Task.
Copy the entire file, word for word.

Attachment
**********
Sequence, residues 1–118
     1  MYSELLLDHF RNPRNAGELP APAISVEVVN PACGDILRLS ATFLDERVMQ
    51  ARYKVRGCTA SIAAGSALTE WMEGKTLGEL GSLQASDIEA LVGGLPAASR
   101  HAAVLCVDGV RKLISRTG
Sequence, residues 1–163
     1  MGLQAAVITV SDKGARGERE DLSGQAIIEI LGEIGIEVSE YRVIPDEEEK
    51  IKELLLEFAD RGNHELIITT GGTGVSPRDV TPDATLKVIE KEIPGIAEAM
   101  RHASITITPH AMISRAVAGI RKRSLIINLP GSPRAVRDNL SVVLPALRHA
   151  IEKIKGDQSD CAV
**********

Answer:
Sequence, residues 1–118
     1  MYSELLLDHF RNPRNAGELP APAISVEVVN PACGDILRLS ATFLDERVMQ
    51  ARYKVRGCTA SIAAGSALTE WMEGKTLGEL GSLQASDIEA LVGGLPAASR
   101  HAAVLCVDGV RKLISRTG
Sequence, residues 1–163
     1  MGLQAAVITV SDKGARGERE DLSGQAIIEI LGEIGIEVSE YRVIPDEEEK
    51  IKELLLEFAD RGNHELIITT GGTGVSPRDV TPDATLKVIE KEIPGIAEAM
   101  RHASITITPH AMISRAVAGI RKRSLIINLP GSPRAVRDNL SVVLPALRHA
   151  IEKIKGDQSD CAV